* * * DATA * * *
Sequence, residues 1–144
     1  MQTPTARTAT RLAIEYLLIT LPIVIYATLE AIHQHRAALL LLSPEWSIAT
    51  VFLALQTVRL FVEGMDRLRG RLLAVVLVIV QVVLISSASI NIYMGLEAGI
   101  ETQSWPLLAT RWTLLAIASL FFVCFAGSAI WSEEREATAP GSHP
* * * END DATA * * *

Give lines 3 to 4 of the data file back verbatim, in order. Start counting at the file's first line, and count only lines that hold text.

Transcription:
    51  VFLALQTVRL FVEGMDRLRG RLLAVVLVIV QVVLISSASI NIYMGLEAGI
   101  ETQSWPLLAT RWTLLAIASL FFVCFAGSAI WSEEREATAP GSHP